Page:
It is accordingly an object of the invention to provide a circuit configuration for generating an enable signal for a clock-controlled circuit, which overcomes the hereinafore-mentioned disadvantages of the heretofore-known devices of this general type, which entails less expense for circuitry and which reliably avoids generating the enable signal until an oscillator has attained a steady state.
With the foregoing and other objects in view there is provided, in accordance with the invention, a circuit configuration for generating an enable signal for a clock-controlled circuit, comprising a device for supplying a pulse generated by an increase in supply voltage; a clock generator supplied by the supply voltage; a level weighting device triggered by the clock generator; a counter being clock-controlled by the level weighting device and outputting a signal once a predetermined counter state is reached; and a memory element to be put into a first of two states by the pulse supplied by the device and into a second of the two states by the signal output by the counter, the memory element having an output for supplying an enable signal for a clock-controlled circuit.
An essential feature of the circuit configuration of the invention is the use of a level weighting device, with which oscillation signals output by the clock generator are weighted with respect to their amplitude. Until a stable, steady-state oscillation is established at the clock generator output, what is essentially present is a noise signal, that is effectively suppressed by the level weighting device. In German Patent DE 39 40 745 C1 referred to above, counting of the oscillator periods, during which the reset signal is intended to still be kept active, is carried out only in the reliably steady state of one of the oscillators. In comparison to the invention, this requires the aforementioned higher expense for circuitry, in the form of an additional, fast-buildup RC oscillator.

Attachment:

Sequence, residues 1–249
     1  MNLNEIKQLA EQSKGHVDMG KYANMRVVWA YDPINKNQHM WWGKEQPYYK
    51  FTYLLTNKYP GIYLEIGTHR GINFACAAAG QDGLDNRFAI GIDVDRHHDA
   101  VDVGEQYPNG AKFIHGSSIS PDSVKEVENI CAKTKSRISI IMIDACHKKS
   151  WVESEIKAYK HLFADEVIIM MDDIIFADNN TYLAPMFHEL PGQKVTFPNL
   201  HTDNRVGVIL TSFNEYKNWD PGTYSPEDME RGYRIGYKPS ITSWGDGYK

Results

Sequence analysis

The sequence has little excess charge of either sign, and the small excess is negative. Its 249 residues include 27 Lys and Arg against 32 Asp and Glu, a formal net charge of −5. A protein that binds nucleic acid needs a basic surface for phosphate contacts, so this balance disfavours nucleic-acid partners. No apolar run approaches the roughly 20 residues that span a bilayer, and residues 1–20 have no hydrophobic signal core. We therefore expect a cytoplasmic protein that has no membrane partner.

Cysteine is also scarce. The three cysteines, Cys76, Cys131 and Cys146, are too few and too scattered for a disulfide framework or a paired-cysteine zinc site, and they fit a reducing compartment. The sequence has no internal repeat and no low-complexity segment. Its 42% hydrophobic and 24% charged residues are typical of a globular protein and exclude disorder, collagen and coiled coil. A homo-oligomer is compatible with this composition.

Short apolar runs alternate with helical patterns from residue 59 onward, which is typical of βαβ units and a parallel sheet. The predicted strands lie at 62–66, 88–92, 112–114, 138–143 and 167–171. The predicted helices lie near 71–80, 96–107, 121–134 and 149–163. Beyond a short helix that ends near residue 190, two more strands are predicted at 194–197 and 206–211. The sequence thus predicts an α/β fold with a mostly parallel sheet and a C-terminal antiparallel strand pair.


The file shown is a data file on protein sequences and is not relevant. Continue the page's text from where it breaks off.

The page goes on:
In accordance with another feature of the invention, the level weighting device makes a comparison of the signal output by the clock generator with at least two threshold values. In the practical embodiment, the threshold values are as symmetrical as possible relative to the operating point of the oscillator.
In accordance with a further feature of the invention, a Schmitt trigger having an input side connected to the clock generator and an output side connected to the counter is used for the level weighting.
A starting pulse, expediently a pulse generated as a function of a supply voltage, is delayed through the use of the delay device controlled by the Schmitt trigger. This pulse can be generated by a so-called power-on reset circuit, which generates a pulse of suitable length when the supply voltage rises. One example of a power-on reset circuit is described in U.S. Pat. No. 4,300,065.
The delay by which one edge of the pulse furnished by the power-on reset circuit is varied by the level weighting device is influenced in such a way that through the use of the pulses output by the level weighting device, a counter is incremented. Upon reaching a certain counter state, such as an overflow, it outputs a signal by which the power-on reset pulse, that was retained until then, is ended.